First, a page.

By MICHAEL GINGOLD
As folk horror has seen a resurgence in recent years, it has opened up a window for the genre to explore territories and cultures not often seen in these kinds of movies (or others). The latest territory staked out for fear is South Africa, where local writer/director Harold Hölscher has made his feature-film debut with THE SOUL COLLECTOR. Previously titled “8,” and out tomorrow on VOD and digital platforms from Shout! Studios, it applies the country’s mythology and tribal tensions to the story of its title character, who is not merely a fearsome baddie. RUE MORGUE spoke to Hölscher following the movie’s world premiere at last year’s Fantasia International Film Festival in Montreal.
Set in 1977, THE SOUL COLLECTOR begins with young Mary (Keita Luna) being brought by her uncle William (Garth Breytenbach) and aunt Sarah (Inge Beckmann) to a family farmhouse in the wake of her parents’ death. Fascinated by nature, Mary is out exploring the property when she encounters Lazarus (Tshamano Sebe), a mysterious but friendly stranger who once worked on the farm. He befriends the girl, introducing her to the secrets of their environment and life and death, and William, who needs help getting the place operational, offers Lazarus lodging in exchange for his help. Sarah isn’t happy about the arrangement, and some of the locals believe Lazarus is bad news. As it turns out, he has a tragic past that has tied him to dark supernatural forces…and what is it that he carries around in a leather bag?
Hölscher previously explored dramatic themes in a trio of short films and helmed a comedic movie for South African television, but felt all along that his debut feature should be a scary one. “I was developing a lot of other pictures,” he recalls, “but this was the furthest along, so whenever I met [a potential backer], I always tried to push it. I believed in this one as my first picture because of the genre, which is an amazing one for a first-time director to explore. There are so many subgenres within it.”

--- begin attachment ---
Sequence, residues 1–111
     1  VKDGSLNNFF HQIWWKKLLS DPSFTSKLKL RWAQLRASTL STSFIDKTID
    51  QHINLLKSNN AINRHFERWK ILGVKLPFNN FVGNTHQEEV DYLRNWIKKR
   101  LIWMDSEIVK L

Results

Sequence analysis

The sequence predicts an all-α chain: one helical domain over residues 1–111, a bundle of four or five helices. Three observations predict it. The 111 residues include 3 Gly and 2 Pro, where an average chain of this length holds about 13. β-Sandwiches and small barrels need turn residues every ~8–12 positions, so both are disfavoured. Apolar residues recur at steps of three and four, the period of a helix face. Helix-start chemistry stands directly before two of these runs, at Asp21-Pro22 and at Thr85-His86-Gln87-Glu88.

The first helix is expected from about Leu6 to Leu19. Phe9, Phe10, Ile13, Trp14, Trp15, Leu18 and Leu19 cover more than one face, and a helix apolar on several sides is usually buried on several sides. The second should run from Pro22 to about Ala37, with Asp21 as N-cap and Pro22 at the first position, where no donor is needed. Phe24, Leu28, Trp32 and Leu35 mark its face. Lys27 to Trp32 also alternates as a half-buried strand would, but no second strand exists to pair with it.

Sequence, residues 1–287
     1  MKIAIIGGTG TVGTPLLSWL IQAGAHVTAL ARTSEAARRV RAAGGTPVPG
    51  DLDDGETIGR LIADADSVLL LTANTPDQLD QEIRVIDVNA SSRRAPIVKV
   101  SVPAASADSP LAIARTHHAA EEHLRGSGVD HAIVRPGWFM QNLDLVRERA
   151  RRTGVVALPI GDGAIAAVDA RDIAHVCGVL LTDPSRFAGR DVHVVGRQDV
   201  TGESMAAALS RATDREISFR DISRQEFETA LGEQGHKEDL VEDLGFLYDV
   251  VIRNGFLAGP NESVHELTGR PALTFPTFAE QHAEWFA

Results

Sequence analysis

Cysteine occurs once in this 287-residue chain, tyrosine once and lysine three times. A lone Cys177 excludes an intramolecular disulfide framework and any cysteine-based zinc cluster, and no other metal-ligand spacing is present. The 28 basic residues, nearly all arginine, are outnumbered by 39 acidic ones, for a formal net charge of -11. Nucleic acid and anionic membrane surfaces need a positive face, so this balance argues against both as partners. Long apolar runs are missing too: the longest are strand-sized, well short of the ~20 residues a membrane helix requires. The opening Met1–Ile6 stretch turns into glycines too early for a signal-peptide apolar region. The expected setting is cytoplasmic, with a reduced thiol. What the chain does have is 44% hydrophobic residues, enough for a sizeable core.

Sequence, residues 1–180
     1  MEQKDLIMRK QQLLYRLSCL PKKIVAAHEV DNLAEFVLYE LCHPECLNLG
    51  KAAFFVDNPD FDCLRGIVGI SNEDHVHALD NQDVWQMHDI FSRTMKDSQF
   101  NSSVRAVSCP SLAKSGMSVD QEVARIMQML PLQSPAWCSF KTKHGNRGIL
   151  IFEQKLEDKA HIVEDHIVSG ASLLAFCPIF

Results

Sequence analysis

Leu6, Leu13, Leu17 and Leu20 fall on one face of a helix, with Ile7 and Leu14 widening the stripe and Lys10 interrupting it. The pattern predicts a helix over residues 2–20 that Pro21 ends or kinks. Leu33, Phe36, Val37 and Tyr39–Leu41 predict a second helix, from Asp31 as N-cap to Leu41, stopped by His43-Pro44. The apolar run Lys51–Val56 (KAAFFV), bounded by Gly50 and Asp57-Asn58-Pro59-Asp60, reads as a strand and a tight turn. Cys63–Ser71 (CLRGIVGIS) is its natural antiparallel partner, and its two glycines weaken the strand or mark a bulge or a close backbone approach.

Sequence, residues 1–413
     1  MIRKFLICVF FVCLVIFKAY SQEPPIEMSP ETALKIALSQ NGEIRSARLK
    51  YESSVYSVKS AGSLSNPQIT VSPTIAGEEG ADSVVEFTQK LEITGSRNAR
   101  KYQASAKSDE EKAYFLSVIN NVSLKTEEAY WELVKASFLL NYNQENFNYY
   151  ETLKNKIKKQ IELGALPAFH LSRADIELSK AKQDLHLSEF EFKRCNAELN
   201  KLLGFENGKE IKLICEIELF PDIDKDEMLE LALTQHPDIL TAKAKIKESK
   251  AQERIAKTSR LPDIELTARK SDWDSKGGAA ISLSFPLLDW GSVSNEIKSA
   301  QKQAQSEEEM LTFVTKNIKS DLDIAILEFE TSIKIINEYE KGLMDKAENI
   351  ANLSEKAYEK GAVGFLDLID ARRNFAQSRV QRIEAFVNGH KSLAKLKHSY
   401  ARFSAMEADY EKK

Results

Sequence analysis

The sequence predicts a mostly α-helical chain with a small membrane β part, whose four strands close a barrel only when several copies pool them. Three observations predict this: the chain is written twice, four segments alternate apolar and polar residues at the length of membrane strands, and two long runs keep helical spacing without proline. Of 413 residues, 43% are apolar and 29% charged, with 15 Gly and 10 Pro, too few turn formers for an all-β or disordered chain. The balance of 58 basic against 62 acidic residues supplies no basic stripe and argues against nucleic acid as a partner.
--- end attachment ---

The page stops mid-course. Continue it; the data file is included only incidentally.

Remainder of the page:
The one he chose to tackle derived from a spiritual question sparked by a real-life tragedy. “A friend passed away when I was at school,” he reveals. “I come from a very religious background—a lineage of pastors—so it was a very Christian upbringing, as it were. But if you’re in South Africa, which doesn’t really go the Western way, you’re always interested in other possibilities. My thoughts were, what happens to the souls that die so horrifically on the roads every year—there’s like 1,000 or 1,500 people; South Africa’s got quite a high death toll.
Despite his Christian background, Hölscher chose not to frame his screen story as the genre’s usual conflict between Catholicism and occult forces born from alternative religions. “Previous drafts delved into that a little bit,” he notes, “because of my upbringing and because it is quite a big polarity in the world, which could have created a lot of tension in the film, between the characters. But I decided to veer off from that, because the film wasn’t intended to point fingers at anything—politically, spiritually, religiously—at all. It was just about entertaining questions I had, mixing in patriarchy, matriarchy, as well as religious subjects.”
One of his other interests is the meaning of numbers, which led to the movie’s original title. “Not that I’m a full-blown numerologist, but if I start going off on that tangent, I’ll go on forever. And 8 is a very significant number in my life; as I understand it, it’s not really infinity [as the numeral commonly signifies when placed sideways], but is actually like a cross, where it goes to the furthest points and comes back again.” Thus it’s appropriate that he first came up with the movie’s concept in 2008, and finally got it rolling in 2018. But given that, and the fact that he was born in 1980, why didn’t Hölscher set the story in that year instead of 1977? “No particular reason,” he admits. “I just liked the numbers in 1977. And the style of the movie is very much inspired by films of the 1970s.”
TO BE CONTINUED